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Dexamethasone-based protocol improves ALL survival without cranial radiation

Reuters Health • The Doctor's Channel Daily Newscast

NEW YORK (Reuters Health) – A dexamethasone-based protocol can cut the risk of relapse and improve survival in high-risk children with acute lymphoblastic leukemia (ALL), with fewer side effects, new research shows.

The regimen, designated the Dutch Childhood Oncology Group (DCOG) ALL-9 protocol, achieved 5-year event-free survival rates of 84% for non-high risk patients and 72% for high-risk patients, according to a report in the September 10th online issue of The Lancet Oncology.

High-risk patients were those with white blood cell counts of 50,000/microliter or more, T-cell phenotype, mediastinal mass, CNS or testicular involvement, and Philadelphia chromosome or MLL rearrangement.

By comparison, the ALL-6 protocol against which ALL-9 was tested achieved a similar 5-year event free survival of 83% in its non-high-risk group in the late 1980s, but this rate was only 53% among high-risk patients. Lead author Dr. Anjo J. Veerman from VU University Medical Center, Amsterdam, The Netherlands, and colleagues explain that while ALL-9 is identical to ALL-6 for non-high risk patients, changes were made for high-risk patients, in the hopes of improving outcomes.

They emphasize that the improvement in the high-risk group was achieved without cranial irradiation and without the use of such toxic drugs as anthracyclines, cyclophosphamide, or epipodophyllotoxins.

The ALL-9 trial involved 859 children, ages 1 to 18 years, with de novo disease who were recruited between January 1997 and November 2004. Median follow up was 72.2 months.

In the non-high risk group, 601 children received induction with dexamethasone, vincristine, and L-asparaginase for 6 weeks, then medium-dose methotrexate for 3 weeks, and then maintenance therapy. The 258 high-risk patients received the same three drugs plus daunorubicin for induction for 6 weeks, then high-dose methotrexate for 8 weeks, and two intensification courses before maintenance therapy.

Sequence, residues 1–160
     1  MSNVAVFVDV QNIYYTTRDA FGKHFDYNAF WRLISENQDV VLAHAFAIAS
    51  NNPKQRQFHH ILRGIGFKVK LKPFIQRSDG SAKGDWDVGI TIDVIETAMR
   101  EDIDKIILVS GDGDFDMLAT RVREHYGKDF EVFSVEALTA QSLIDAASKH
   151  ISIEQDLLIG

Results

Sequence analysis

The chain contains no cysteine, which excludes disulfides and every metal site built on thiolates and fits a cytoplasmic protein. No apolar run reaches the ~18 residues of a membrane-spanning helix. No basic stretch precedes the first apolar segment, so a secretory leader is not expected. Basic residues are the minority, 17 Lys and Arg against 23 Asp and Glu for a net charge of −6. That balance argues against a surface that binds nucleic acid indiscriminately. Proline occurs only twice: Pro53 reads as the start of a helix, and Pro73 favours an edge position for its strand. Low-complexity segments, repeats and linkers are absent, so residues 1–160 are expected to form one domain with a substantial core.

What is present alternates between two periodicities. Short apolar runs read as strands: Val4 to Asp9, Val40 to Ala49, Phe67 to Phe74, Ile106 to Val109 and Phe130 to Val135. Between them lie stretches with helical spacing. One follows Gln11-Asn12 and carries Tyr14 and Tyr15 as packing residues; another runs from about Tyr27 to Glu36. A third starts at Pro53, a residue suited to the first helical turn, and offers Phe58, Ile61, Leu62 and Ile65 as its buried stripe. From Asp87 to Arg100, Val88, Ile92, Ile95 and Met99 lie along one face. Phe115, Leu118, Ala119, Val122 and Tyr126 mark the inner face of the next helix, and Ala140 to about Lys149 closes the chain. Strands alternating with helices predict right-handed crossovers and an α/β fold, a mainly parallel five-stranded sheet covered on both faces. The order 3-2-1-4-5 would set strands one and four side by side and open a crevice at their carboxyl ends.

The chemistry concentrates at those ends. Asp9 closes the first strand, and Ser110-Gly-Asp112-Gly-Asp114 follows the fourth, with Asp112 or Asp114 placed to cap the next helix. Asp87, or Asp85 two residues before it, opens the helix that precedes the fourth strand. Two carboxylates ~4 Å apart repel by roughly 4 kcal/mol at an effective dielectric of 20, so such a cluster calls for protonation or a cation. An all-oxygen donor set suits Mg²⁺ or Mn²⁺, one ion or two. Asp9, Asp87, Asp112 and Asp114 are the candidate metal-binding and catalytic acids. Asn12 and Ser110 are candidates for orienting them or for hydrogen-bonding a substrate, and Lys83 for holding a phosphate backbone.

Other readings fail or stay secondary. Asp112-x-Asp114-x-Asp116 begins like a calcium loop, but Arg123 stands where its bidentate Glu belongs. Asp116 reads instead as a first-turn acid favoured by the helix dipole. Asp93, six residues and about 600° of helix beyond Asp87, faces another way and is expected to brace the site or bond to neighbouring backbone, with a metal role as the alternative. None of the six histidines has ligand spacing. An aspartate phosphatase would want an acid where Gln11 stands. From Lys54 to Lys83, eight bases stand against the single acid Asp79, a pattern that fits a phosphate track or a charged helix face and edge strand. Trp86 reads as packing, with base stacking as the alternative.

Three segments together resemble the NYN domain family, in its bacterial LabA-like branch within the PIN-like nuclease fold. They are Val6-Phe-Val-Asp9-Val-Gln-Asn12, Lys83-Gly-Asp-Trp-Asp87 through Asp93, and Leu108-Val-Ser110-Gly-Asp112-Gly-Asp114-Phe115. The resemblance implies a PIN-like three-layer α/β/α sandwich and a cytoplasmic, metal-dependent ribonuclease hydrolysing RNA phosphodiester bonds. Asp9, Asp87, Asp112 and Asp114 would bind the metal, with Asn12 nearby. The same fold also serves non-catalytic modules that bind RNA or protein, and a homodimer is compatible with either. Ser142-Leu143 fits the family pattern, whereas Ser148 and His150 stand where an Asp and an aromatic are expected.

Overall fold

Triple intrathecal medication was given 13, 15, and 17 times in non-high risk, high risk, and central nervous system-affected patients, respectively.

In all patients, maintenance therapy – consisting of mercaptopurine and methotrexate alternating with dexamethasone and vincristine — was continued until 109 weeks.

The complete remission rates in the non-high risk and high risk groups were 98.5% and 96.9%, respectively. Five deaths in the non-high risk group and four in the high risk group occurred during induction therapy. Isolated central nervous system relapses were noted in 2.6% of patients.

On multivariate analysis, the strongest predictor of outcomes was the DNA index, followed by age, and then the white blood cell count, the authors note.

“The most radical feature of (the ALL-9) protocol is the omission of prophylactic cranial irradiation in all patients,” Dr. Ching-Hon Pui, from St Jude Children’s Research Hospital in Memphis, Tennessee writes in a related editorial. “Not surprisingly, (the researchers) have reported only a few cases of osteonecrosis and only two cases of second malignancy.”

“The vast majority of their patients are expected to survive with an excellent quality of life,” Dr. Pui added.

Reference:
Lancet Oncology 2009.